Flipping out for a bit of extreme fun Jump Around: Shaun Wood showing his athleticism at a parkour event at The Station in Newcastle on Sunday. Picture: Max Mason-Hubers
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Shaun Wood showing his athleticism at a parkour event at The Station in Newcastle on Sunday. Picture: Max Mason-Hubers

Jenbae Mcilroy practicing parkour. Picture: Max Mason-Hubers

Teddy Umbaugh and Jerra Williams. Picture: Max Mason-Hubers

Jerra Williams, Teddy Umbaugh, instructor Alex Rzechowicz, and Mirina Williams. Picture: Max Mason-Hubers

Alysha Bagstaff. Picture: Max Mason-Hubers

Alysha Bagstaff. Picture: Max Mason-Hubers

Mirina Williams, Olivia Conyngham and Alysha Bagstaff. Picture: Max Mason-Hubers

Mirina Williams, Alysha Bagstaff, and Olivia Conyngham. Picture: Max Mason-Hubers

TweetFacebookThe urbansubculture of parkour is said to existsomewhere betweenmartial arts and sport.

For most people, it’s an activitythat probably bringsto mind images of super athletesleapingand flippingoff rooftops andwalls.

But there’s another less dangerous andmore controlled side to the discipline,which wason display in Newcastle on Sunday at The Station – once the end of the line for trains into town.

Renew Newcastleis renowned for making use of vacant spaces, most notably empty shops, at a time when the city’s revitalisation was still in its infancy.

Now the not-for-profit organisation has the taskofbringing The Station to life. So it gave some space and time to theparkour enthusiasts, whodid exactlythis.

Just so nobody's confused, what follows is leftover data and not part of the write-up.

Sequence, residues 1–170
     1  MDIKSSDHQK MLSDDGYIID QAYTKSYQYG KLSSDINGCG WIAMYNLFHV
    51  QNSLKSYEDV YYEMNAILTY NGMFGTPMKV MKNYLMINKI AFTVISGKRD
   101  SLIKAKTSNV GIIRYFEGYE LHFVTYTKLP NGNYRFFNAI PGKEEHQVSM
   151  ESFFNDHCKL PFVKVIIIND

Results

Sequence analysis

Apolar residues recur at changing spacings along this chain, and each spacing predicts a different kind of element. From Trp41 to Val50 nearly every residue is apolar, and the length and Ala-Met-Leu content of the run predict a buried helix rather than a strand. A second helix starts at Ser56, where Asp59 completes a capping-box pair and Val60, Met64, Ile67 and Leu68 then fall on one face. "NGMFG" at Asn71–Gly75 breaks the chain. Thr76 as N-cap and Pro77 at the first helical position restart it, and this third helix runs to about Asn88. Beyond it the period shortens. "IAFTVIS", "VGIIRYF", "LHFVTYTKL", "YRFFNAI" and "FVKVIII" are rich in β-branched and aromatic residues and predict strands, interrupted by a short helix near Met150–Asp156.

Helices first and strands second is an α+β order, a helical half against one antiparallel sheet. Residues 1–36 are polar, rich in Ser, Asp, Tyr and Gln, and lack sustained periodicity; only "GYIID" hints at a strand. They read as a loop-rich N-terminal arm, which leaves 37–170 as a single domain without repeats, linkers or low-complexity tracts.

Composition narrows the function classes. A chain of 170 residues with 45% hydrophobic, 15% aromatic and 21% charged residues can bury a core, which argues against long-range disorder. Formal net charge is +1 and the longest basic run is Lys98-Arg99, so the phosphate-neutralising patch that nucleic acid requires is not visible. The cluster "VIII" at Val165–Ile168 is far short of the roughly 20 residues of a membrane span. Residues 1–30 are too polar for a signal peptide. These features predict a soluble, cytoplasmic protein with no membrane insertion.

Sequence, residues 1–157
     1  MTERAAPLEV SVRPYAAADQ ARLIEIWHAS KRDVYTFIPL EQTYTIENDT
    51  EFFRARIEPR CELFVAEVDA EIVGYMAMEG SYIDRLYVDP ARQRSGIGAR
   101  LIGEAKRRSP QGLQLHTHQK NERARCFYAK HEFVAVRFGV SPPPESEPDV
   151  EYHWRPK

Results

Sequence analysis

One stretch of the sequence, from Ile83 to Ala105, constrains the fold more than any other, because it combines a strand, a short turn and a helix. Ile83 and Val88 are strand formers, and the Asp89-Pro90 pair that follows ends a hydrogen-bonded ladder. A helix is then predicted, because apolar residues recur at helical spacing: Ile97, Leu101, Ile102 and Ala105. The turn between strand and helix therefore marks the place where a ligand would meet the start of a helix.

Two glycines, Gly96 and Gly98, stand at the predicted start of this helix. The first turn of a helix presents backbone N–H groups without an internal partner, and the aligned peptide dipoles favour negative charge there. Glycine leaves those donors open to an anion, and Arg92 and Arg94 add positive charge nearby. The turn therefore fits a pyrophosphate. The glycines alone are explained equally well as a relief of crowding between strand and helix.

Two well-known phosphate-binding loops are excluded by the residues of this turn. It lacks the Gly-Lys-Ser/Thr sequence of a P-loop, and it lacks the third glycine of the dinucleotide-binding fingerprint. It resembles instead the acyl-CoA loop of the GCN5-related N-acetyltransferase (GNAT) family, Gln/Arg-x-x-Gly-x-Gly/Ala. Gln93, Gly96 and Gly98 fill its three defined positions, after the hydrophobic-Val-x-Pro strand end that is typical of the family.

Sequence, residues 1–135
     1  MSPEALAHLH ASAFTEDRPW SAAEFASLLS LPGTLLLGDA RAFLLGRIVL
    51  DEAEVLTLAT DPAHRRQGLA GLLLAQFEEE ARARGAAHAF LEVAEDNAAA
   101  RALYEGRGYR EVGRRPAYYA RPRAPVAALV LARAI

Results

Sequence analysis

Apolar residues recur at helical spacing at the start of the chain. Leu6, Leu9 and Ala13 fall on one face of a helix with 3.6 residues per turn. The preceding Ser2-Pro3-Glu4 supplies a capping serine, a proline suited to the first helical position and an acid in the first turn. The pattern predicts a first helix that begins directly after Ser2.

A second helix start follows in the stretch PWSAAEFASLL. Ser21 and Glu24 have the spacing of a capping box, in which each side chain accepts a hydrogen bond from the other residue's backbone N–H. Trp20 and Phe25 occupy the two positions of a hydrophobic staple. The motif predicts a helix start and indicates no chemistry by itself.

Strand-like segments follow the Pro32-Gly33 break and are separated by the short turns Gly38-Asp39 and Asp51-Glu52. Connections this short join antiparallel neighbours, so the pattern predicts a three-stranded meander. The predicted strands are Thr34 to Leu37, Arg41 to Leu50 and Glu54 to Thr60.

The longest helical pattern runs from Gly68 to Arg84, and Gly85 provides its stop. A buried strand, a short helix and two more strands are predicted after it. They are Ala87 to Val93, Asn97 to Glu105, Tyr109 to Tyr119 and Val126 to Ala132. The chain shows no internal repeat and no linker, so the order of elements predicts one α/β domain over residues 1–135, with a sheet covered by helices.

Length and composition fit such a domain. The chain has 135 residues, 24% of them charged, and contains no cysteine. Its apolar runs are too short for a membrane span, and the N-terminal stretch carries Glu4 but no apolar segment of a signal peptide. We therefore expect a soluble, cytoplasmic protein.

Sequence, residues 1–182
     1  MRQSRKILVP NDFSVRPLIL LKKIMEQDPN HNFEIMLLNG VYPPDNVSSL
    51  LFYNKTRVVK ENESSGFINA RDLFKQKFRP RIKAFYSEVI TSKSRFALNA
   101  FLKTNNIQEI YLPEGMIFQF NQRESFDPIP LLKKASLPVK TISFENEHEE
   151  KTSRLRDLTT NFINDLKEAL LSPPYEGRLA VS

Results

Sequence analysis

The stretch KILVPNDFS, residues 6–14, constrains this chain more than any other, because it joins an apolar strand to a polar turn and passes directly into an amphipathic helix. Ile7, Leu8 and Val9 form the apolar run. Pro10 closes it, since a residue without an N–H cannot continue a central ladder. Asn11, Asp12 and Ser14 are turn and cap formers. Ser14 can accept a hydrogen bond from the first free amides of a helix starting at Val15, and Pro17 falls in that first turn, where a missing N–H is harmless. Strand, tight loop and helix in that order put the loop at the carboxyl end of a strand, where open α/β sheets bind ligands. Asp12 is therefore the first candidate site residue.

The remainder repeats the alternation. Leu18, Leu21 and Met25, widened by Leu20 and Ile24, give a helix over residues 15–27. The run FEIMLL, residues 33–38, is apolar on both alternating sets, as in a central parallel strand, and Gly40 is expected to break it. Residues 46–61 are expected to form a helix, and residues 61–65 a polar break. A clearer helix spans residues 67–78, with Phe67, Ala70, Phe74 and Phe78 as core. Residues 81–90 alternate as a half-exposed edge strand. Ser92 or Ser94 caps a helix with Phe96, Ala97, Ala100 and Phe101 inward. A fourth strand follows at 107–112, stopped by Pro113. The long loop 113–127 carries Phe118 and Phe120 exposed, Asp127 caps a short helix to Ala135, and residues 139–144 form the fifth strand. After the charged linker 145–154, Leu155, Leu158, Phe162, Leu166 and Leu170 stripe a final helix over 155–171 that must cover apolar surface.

Newcastle Parkour co-founder Jason Phua said parkour was about “overcoming obstacles, whether they be physical or mental”.

“It’s a way of living and seeing the world,” Mr Phua said.

“We train ourselves to be ready for emergencies.

“Imagine you’re being chased by a big dog. You’ll be running, climbing andvaulting to get out of there as quick as possible.”

Jerra Williams, 14,was among a group of teenagers involved in the parkour display.

Jerra saidhe’dbecomemuchfitter since he started the activity about a yearago. It had improved his strength, endurance and coordination.

“I saw it on TV and YouTube and wanted to give it a try,” Jerra, of Toronto, said.

“It turned out to be loads of fun. You can do it anywhere.”

Civic,Nobbys, Honeysuckle andBar Beach tend to be favourite spots for outdoors’ parkour.But it’s also done indoors at classes atThe Ninja Parcat Howzat in Cooks Hill.

Newcastle Parkour co-founderAlex Rzechowicz said parkour gives people confidence.

“It helps them become more coordinated,” he said.

“One of the kids we trainedwas riding downhill on a bike and hisfront tyre got stuck. Hewent headfirst over the handlebars, but the skills he learned at parkour meant herolled and didn’t break any bones.”

The groupnow hasa female instructorand an increasing number of girls involved,which he said was quite an achievement given it had been a male-dominated activity.